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    • By racarate
      Hey everybody!
      I am trying to replicate all these cool on-screen debug visuals I see in all the SIGGRAPH and GDC talks, but I really don't know where to start.  The only resource I know of is almost 16 years old:
      http://number-none.com/product/Interactive Profiling, Part 1/index.html
      Does anybody have a more up-to-date reference?  Do people use minimal UI libraries like Dear ImgGui?  Also, If I am profiling OpenGL ES 3.0 (which doesn't have timer queries) is there really anything I can do to measure performance GPU-wise?  Or should I just chart CPU-side frame time?  I feel like this is something people re-invent for every game there has gotta be a tutorial out there... right?
       
       
    • By Achivai
      Hey, I am semi-new to 3d-programming and I've hit a snag. I have one object, let's call it Object A. This object has a long int array of 3d xyz-positions stored in it's vbo as an instanced attribute. I am using these numbers to instance object A a couple of thousand times. So far so good. 
      Now I've hit a point where I want to remove one of these instances of object A while the game is running, but I'm not quite sure how to go about it. At first my thought was to update the instanced attribute of Object A and change the positions to some dummy number that I could catch in the vertex shader and then decide there whether to draw the instance of Object A or not, but I think that would be expensive to do while the game is running, considering that it might have to be done several times every frame in some cases. 
      I'm not sure how to proceed, anyone have any tips?
    • By fleissi
      Hey guys!

      I'm new here and I recently started developing my own rendering engine. It's open source, based on OpenGL/DirectX and C++.
      The full source code is hosted on github:
      https://github.com/fleissna/flyEngine

      I would appreciate if people with experience in game development / engine desgin could take a look at my source code. I'm looking for honest, constructive criticism on how to improve the engine.
      I'm currently writing my master's thesis in computer science and in the recent year I've gone through all the basics about graphics programming, learned DirectX and OpenGL, read some articles on Nvidia GPU Gems, read books and integrated some of this stuff step by step into the engine.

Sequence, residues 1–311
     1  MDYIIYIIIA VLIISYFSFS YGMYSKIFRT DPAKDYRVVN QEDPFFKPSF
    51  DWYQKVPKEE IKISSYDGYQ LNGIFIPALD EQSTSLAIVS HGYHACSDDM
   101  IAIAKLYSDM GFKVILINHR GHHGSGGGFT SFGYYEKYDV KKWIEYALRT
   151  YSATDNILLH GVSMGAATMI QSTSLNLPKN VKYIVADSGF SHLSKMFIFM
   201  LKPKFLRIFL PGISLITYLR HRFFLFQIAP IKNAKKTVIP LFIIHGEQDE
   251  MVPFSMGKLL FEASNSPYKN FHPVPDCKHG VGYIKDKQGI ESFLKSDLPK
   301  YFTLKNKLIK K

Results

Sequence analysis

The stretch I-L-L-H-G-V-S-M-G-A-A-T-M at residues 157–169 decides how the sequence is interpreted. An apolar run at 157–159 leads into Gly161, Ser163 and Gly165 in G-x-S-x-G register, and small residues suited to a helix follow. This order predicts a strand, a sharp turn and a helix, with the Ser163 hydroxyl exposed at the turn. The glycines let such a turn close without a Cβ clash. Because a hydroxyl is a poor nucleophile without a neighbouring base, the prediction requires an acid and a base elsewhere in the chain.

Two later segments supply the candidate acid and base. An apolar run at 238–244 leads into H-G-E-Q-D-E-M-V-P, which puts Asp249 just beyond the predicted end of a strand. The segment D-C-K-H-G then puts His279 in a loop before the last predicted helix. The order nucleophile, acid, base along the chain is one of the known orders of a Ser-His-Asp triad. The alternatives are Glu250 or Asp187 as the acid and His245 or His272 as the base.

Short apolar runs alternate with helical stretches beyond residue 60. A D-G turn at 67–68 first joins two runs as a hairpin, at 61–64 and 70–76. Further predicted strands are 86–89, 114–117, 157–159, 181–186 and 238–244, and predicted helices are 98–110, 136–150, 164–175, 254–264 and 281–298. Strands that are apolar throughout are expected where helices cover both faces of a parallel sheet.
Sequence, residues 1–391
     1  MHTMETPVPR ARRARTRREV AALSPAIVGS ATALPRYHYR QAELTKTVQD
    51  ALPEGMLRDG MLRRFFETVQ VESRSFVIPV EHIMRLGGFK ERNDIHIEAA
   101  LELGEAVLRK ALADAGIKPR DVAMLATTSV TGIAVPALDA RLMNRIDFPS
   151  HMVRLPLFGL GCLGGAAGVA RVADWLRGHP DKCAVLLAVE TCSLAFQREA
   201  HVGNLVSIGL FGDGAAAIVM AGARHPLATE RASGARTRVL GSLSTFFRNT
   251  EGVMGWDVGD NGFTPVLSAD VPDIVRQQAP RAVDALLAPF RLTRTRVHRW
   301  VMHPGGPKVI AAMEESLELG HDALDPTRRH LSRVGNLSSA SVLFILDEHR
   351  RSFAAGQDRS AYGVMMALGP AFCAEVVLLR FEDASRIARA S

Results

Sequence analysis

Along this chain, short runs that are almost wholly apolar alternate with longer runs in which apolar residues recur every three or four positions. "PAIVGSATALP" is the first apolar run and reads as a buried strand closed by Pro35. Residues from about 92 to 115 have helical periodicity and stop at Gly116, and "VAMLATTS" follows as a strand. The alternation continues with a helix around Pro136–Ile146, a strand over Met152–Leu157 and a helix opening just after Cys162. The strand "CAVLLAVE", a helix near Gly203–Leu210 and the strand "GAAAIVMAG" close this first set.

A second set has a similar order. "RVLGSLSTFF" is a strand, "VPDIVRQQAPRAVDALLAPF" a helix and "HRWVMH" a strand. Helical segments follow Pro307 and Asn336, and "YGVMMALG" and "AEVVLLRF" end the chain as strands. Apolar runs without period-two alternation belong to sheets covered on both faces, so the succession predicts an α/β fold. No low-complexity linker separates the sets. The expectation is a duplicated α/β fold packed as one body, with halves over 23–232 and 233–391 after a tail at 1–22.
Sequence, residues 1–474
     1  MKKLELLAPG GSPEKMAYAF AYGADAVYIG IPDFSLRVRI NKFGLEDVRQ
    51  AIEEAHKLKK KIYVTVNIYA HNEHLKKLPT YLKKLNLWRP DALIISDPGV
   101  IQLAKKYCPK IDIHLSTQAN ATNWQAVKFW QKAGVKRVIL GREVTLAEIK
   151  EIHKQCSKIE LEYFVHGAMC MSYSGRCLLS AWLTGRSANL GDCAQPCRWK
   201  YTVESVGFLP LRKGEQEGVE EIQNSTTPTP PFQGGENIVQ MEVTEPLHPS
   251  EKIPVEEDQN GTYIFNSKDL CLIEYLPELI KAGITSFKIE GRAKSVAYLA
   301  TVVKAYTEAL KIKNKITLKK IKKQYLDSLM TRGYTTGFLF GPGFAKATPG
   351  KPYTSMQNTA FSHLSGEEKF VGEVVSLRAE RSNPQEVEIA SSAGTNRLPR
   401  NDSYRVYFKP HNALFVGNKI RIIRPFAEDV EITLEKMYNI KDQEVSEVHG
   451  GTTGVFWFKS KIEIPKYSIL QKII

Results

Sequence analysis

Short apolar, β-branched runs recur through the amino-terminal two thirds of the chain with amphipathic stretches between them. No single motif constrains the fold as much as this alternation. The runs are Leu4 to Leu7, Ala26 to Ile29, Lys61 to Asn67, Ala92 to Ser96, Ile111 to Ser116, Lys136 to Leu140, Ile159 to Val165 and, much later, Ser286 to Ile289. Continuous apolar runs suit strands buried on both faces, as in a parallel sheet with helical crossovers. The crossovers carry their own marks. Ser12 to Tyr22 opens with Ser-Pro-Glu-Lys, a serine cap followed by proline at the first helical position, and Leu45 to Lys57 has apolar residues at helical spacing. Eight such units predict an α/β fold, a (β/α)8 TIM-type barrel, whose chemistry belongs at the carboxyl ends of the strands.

I know about the basics, but I feel like there is some missing link that I didn't get yet to merge all those little pieces together.

      Features I have so far:
      - Dynamic shader generation based on material properties
      - Dynamic sorting of meshes to be renderd based on shader and material
      - Rendering large amounts of static meshes
      - Hierarchical culling (detail + view frustum)
      - Limited support for dynamic (i.e. moving) meshes
      - Normal, Parallax and Relief Mapping implementations
      - Wind animations based on vertex displacement
      - A very basic integration of the Bullet physics engine
      - Procedural Grass generation
      - Some post processing effects (Depth of Field, Light Volumes, Screen Space Reflections, God Rays)
      - Caching mechanisms for textures, shaders, materials and meshes

      Features I would like to have:
      - Global illumination methods
      - Scalable physics
      - Occlusion culling
      - A nice procedural terrain generator
      - Scripting
      - Level Editing
      - Sound system
      - Optimization techniques

      Books I have so far:
      - Real-Time Rendering Third Edition
      - 3D Game Programming with DirectX 11
      - Vulkan Cookbook (not started yet)

      I hope you guys can take a look at my source code and if you're really motivated, feel free to contribute :-)
      There are some videos on youtube that demonstrate some of the features:
      Procedural grass on the GPU
      Procedural Terrain Engine
      Quadtree detail and view frustum culling

      The long term goal is to turn this into a commercial game engine. I'm aware that this is a very ambitious goal, but I'm sure it's possible if you work hard for it.

      Bye,

      Phil
    • By tj8146
      I have attached my project in a .zip file if you wish to run it for yourself.
      I am making a simple 2d top-down game and I am trying to run my code to see if my window creation is working and to see if my timer is also working with it. Every time I run it though I get errors. And when I fix those errors, more come, then the same errors keep appearing. I end up just going round in circles.  Is there anyone who could help with this? 
       
      Errors when I build my code:
      1>Renderer.cpp 1>c:\users\documents\opengl\game\game\renderer.h(15): error C2039: 'string': is not a member of 'std' 1>c:\program files (x86)\windows kits\10\include\10.0.16299.0\ucrt\stddef.h(18): note: see declaration of 'std' 1>c:\users\documents\opengl\game\game\renderer.h(15): error C2061: syntax error: identifier 'string' 1>c:\users\documents\opengl\game\game\renderer.cpp(28): error C2511: 'bool Game::Rendering::initialize(int,int,bool,std::string)': overloaded member function not found in 'Game::Rendering' 1>c:\users\documents\opengl\game\game\renderer.h(9): note: see declaration of 'Game::Rendering' 1>c:\users\documents\opengl\game\game\renderer.cpp(35): error C2597: illegal reference to non-static member 'Game::Rendering::window' 1>c:\users\documents\opengl\game\game\renderer.cpp(36): error C2597: illegal reference to non-static member 'Game::Rendering::window' 1>c:\users\documents\opengl\game\game\renderer.cpp(43): error C2597: illegal reference to non-static member 'Game::Rendering::window' 1>Done building project "Game.vcxproj" -- FAILED. ========== Build: 0 succeeded, 1 failed, 0 up-to-date, 0 skipped ==========